The Army's announcement aroused concern among those who fear loss of the gains women have made in the military. Some observers suspect a hidden agenda in the reassessment: a desire to return to a peacetime draft. That is the view held by Jeanne M. Holm, a retired Air Force general who is a member of the Defense Advisory Committee on Women in the Services. If the recruitment of women were limited, the volunteer Army might have trouble filling its needs, and that could open the door to a reinstatement of the draft, according to Holm.

She is impatient with the usual litany of military women's problems. " It's a bum rap, " she says. "Men get VD; men go AWOL; men get into fights. The military has learned to deal with these as personnel problems that can be solved. But military leaders aren't used to women's problems and there is a tendency to see them as insoluble. The military must realize that it must deal as effectively with women's problems as it has with men's problems if it wants to have an effective force. "

The possibility that the Army might backtrack on the liberalization that made it possible for her to be both a solider and a mother disturbs Bonnie Post. Like all soldier couples with children, the Posts are considered sole parents under Army guidelines. Several months ago, when an article appeared in the Army Times announcing that the Department of Defense was considering a proposal that would require all sole parents to resign from the military, Bonnie Post was outraged. "It's absolutely ridiculous," she says, "to talk about gettinig rid of a person who is devoted to the military and is a good troop and just happens to be a sole parent.... People I talked to felt so frustrated, they said, 'Let them just try and do it!' They'll see so many civil actions down on top of them that it will make fools of everyone who said sole parents aren't serious about their jobs."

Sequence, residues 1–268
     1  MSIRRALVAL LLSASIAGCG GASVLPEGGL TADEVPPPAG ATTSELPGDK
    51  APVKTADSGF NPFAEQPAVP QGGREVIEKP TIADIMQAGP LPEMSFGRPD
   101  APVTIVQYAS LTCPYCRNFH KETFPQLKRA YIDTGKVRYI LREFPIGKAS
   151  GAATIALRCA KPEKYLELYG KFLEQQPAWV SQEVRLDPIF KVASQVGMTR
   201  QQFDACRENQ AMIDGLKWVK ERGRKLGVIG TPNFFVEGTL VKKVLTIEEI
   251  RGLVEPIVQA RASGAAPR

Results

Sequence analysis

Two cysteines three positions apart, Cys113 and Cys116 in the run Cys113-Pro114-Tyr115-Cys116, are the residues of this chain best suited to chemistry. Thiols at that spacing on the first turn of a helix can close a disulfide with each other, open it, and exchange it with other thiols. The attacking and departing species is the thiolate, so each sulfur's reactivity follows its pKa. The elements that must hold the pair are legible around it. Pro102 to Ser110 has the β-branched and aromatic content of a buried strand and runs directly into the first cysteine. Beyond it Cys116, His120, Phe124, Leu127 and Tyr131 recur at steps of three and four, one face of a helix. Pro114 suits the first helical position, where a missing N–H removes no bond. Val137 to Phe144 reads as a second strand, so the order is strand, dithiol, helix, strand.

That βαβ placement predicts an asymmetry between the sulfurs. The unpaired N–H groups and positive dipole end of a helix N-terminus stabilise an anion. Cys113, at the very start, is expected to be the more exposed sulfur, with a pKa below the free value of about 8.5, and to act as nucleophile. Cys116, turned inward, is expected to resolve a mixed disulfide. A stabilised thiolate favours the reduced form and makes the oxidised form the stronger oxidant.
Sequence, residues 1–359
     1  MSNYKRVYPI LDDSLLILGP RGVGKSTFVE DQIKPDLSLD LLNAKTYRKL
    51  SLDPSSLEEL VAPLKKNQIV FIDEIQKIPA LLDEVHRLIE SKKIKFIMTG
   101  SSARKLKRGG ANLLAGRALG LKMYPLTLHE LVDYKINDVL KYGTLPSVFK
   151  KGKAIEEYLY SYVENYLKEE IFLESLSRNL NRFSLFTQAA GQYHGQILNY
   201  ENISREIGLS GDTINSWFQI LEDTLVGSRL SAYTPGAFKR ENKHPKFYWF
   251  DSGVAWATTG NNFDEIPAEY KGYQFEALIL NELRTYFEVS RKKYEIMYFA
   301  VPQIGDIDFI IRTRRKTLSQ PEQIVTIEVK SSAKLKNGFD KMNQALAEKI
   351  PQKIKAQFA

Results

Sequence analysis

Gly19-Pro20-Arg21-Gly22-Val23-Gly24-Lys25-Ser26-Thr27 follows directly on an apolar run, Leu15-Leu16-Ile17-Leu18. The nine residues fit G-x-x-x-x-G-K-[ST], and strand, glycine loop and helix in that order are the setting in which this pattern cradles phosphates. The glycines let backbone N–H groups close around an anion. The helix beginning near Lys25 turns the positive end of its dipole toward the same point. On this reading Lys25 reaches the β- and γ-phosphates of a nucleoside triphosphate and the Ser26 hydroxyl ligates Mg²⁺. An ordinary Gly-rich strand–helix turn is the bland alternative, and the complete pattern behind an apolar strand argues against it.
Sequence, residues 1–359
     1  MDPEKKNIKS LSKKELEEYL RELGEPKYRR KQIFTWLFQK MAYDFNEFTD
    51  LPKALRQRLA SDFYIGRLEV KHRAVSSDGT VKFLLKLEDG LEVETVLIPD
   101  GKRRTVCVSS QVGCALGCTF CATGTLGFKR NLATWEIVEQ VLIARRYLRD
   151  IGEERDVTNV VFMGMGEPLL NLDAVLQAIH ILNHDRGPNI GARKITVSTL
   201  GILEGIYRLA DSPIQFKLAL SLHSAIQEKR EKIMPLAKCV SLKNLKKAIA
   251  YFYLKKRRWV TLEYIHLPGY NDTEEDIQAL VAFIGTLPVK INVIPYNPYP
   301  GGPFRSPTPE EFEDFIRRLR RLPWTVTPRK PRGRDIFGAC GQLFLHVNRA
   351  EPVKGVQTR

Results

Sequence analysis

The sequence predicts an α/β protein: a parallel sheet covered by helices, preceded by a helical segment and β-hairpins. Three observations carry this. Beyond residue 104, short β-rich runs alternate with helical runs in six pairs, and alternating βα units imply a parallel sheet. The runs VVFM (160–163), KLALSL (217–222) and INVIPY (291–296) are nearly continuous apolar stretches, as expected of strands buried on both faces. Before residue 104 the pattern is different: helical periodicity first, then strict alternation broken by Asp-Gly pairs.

The impact of "in-service parents" has been a growing concern in the Army for several years. In 1978, commanders were given authority to counsel soldiers with children on possible conflicts with the professional mission. In those cases when servicemembers' parental responsibilities were judged to interfere with military duties, they could be involuntarily discharged. The Army guarantees no special privileges for parents; they must be available for assignment on the same basis as any other soldiers. Enlisted personnel and junior officers who are classified as sole parents are required to draw up a "dependent care plan" which designates who will care for their children in the event of their absence. These plans may rival battle plans in their logistical complexity. They require parents to prepare for a host of contingencies: year-long assignments to a location where dependents are barred, short term military alerts, and full-scale war.

Arrangements must be made to deliver the child to its caretaker when the parent is called on short notice. And if the family is stationed overseas, plans must be formulated for the child's safe evacuation in the event of war, and his delivery to the designated guardian in the United States. All of these plans must be backed up by medical release forms and powers of attorney authorizing the guardian to care for the child.